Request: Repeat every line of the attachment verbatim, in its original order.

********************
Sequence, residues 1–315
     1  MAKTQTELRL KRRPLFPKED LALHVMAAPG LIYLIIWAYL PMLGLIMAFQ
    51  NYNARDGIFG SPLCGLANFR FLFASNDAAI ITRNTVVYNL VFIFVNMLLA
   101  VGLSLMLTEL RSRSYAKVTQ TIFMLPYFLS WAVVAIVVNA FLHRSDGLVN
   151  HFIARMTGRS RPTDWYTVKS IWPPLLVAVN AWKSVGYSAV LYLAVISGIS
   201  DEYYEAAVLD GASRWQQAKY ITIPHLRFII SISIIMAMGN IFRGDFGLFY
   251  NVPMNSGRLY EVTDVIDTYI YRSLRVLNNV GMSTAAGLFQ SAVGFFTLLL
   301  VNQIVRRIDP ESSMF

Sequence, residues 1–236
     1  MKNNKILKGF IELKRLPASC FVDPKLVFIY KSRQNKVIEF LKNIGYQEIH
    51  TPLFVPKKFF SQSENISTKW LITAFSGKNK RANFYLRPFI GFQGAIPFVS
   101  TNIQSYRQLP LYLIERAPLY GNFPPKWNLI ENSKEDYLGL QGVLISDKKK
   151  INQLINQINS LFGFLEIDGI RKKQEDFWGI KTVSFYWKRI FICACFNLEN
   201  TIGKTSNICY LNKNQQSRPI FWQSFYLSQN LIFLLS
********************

Sequence, residues 1–315
     1  MAKTQTELRL KRRPLFPKED LALHVMAAPG LIYLIIWAYL PMLGLIMAFQ
    51  NYNARDGIFG SPLCGLANFR FLFASNDAAI ITRNTVVYNL VFIFVNMLLA
   101  VGLSLMLTEL RSRSYAKVTQ TIFMLPYFLS WAVVAIVVNA FLHRSDGLVN
   151  HFIARMTGRS RPTDWYTVKS IWPPLLVAVN AWKSVGYSAV LYLAVISGIS
   201  DEYYEAAVLD GASRWQQAKY ITIPHLRFII SISIIMAMGN IFRGDFGLFY
   251  NVPMNSGRLY EVTDVIDTYI YRSLRVLNNV GMSTAAGLFQ SAVGFFTLLL
   301  VNQIVRRIDP ESSMF

Sequence, residues 1–236
     1  MKNNKILKGF IELKRLPASC FVDPKLVFIY KSRQNKVIEF LKNIGYQEIH
    51  TPLFVPKKFF SQSENISTKW LITAFSGKNK RANFYLRPFI GFQGAIPFVS
   101  TNIQSYRQLP LYLIERAPLY GNFPPKWNLI ENSKEDYLGL QGVLISDKKK
   151  INQLINQINS LFGFLEIDGI RKKQEDFWGI KTVSFYWKRI FICACFNLEN
   201  TIGKTSNICY LNKNQQSRPI FWQSFYLSQN LIFLLS